This institute will educate computing researchers on how science policy in the U.S. is formulated and how our government works.

Multidisciplinary Research for Online Education
February 11-12, 2013

Workshop participants will explore and delineate computer science and multidisciplinary research agendas designed to improve formal and informal education.

Privacy R&D
March 4, 2013

Event is co-sponsored by CCC and the Information Technology & Innovation Foundation (ITIF).

Convergence of Software Assurance Methodologies and Trustworthy Semiconductor Design and Manufacture
January 15 - 16, 2013

This visioning workshop will bring together academic and industry experts from both the programming language and semiconductor design/manufacture communities to discuss challenges to securing the semiconductor manufacturing process and develop strategies to address them.

“Challenges and Visions” track at the 6th Biennial Conference on Innovative Data Systems Research (CIDR)
January 6-9, 2013

This track is the ninth in a series of such tracks at major conferences in the field.

From GPS and Virtual Globes to Spatial Computing-2020
September 10-11, 2012

This visioning workshop on Spatial Computing outlined an effort to develop and promote a unified agenda for Spatial Computing research and development across US agencies, industries, and universities.

Computing and Healthcare: New Opportunities and Directions
October 11-12, 2012

This visioning workshop brought together leading computing and healthcare researchers to foster learning, discussion, and ultimately collaboration between the computing and healthcare communities.

NITRD Symposium
February 16, 2012

On February 16, 2012, more than 150 federal officials, Congressional staffers, academic researchers, and industry leaders packed a room overlooking the United States Capitol to mark two decades of coordinated federal investment in networking and information technology research and development. The daylong symposium, titled “The Impact of NITRD: Two Decades of Game-Changing Breakthroughs in Networking and Information Technology—Expanding Possibilities Ahead,” explored progress and prospects in the field.

The archived website contains the complete materials from the day—including videos, photos, slides, and written summaries from all 19 of the 15-minute presentations by leaders of the field, plus a luncheon keynote by former Vice President Al Gore and special remarks by former Congressman Tom Davis (R-Va.), also a champion of our nation’s investments in fundamental R&D.

Chartered by Congress under the High-Performance Computing Act of 1991—legislation sponsored by then-Senator Gore—as well as the Next Generation Internet Research Act of 1998 and the America COMPETES Act of 2007, the NITRD Program is the oldest and largest of the small number of formal federal programs that engage multiple agencies. Originally comprising eight agencies, today it provides a framework and mechanisms for coordination among 15 federal agencies that support networking and information technology research and development. In particular, the program facilitates cooperation and coordination across a broad landscape, enabling these agencies to tackle the inherently multidisciplinary, multi-technology, and multi-sector challenges of today’s R&D horizons.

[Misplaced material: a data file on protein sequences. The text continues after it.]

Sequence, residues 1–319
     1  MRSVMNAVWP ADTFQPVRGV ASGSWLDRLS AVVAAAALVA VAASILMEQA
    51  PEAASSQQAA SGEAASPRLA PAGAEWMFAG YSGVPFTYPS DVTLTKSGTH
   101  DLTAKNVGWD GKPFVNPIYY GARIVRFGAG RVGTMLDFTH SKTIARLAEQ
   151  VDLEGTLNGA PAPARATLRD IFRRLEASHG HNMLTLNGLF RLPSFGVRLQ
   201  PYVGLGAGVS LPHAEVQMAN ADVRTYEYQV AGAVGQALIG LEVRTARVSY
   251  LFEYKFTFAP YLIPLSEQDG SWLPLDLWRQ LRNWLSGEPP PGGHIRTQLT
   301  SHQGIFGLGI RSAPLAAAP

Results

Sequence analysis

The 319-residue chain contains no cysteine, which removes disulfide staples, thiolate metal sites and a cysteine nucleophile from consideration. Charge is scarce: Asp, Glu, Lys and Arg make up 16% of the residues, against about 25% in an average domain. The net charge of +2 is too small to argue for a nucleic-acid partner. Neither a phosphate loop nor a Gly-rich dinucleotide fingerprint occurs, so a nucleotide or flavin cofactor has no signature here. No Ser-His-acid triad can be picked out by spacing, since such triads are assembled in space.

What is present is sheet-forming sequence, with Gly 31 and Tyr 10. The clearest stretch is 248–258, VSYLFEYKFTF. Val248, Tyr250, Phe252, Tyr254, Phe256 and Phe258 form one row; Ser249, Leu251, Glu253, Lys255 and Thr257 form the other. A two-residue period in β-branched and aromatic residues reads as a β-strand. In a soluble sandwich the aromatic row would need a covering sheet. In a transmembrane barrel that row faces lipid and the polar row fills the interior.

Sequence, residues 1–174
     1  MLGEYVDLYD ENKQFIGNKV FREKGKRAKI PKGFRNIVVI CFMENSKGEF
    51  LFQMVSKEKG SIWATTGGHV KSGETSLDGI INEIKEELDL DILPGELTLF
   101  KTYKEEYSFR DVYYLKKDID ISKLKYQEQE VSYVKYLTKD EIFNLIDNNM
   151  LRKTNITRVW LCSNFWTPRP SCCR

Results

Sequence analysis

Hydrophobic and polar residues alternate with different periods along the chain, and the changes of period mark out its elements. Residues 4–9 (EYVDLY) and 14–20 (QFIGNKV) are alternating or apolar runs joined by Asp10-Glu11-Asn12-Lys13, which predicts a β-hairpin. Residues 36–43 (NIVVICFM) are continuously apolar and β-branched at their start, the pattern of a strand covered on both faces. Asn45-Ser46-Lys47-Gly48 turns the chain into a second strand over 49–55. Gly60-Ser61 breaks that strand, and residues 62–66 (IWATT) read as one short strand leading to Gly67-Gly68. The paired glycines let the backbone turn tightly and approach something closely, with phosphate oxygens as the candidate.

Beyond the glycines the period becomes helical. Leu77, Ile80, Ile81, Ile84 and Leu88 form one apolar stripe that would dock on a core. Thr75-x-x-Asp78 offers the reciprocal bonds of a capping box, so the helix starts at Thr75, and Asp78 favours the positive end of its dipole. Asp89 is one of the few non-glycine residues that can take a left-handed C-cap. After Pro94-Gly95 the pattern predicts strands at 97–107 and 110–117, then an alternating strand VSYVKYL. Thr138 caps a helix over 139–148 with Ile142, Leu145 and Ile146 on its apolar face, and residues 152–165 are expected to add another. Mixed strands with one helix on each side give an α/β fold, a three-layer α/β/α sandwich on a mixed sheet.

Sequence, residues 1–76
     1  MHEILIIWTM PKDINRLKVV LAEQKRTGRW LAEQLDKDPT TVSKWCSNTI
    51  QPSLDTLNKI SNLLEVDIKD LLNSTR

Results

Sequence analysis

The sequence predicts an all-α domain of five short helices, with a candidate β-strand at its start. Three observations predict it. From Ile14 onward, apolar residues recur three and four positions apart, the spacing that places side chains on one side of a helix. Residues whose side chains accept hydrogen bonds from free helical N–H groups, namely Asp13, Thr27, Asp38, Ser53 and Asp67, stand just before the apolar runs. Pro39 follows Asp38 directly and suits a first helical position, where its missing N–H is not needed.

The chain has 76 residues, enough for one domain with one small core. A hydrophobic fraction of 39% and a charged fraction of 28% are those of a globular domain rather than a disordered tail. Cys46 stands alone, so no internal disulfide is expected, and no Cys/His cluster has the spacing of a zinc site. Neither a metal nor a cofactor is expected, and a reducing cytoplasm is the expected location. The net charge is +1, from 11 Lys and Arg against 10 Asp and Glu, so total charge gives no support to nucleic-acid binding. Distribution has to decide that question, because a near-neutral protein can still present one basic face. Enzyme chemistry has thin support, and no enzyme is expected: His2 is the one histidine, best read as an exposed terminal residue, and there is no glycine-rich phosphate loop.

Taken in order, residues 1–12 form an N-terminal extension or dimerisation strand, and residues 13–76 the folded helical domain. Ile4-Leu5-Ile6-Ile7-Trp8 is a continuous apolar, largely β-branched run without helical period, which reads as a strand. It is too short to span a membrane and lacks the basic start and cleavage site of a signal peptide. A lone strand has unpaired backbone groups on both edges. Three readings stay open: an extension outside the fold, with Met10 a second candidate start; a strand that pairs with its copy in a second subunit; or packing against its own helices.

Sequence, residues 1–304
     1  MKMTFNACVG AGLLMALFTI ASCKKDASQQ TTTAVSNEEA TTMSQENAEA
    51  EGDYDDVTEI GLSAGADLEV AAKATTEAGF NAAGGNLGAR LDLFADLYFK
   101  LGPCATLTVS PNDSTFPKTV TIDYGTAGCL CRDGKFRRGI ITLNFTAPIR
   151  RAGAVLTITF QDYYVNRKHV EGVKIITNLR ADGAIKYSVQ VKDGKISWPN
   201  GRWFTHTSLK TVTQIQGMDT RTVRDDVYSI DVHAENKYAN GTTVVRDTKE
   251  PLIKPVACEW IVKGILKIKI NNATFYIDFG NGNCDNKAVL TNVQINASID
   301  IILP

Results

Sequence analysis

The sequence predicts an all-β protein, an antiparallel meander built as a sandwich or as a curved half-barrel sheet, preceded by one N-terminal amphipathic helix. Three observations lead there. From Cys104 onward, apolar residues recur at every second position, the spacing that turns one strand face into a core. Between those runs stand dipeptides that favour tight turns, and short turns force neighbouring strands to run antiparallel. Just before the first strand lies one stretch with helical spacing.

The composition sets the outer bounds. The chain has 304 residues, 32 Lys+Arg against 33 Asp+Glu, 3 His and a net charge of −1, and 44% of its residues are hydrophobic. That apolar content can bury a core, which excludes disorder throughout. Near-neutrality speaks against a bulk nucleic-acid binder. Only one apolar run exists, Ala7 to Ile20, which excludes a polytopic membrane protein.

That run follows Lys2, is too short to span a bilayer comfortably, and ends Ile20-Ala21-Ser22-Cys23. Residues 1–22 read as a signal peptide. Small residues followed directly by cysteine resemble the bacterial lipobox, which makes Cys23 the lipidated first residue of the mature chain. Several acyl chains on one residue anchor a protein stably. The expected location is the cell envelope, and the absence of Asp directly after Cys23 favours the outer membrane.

Computing Research that Changed the World: Reflections and Perspectives
March 25, 2009

On March 25, 2009, at the Library of Congress, a symposium, "Computing Research that Changed the World: Reflections and Perspectives," was organized by Computing Community Consortium in collaboration with Congressman Bart Gordon (D-TN), Congressman Ralph Hall (R-TX), Congressman Daniel Lipinski (D-IL), Congressman Vern Ehlers (R-MI), Congressman Rush Holt (D-NJ) and Sen. Jay Rockefeller (D-WV).

The overall message of the symposium was that computing research has made game-changing advances in the last two decades, from which we can extract lessons for structuring future programs to sustain that track record.

The symposium featured four sessions: "The Internet and the World Wide Web," "Evolving Foundations," "The Transformation of the Sciences via Computation," and "Computing Everywhere!" Each session consisted of three talks and a short discussion that identified future challenges. These four sessions were followed by a discussion among all the speakers, with input from attendees, which framed a call-to-action for the future.

Federated Computing Research Conference
June 8-16, 2007

A CCC sponsored session @ FCRC 2007.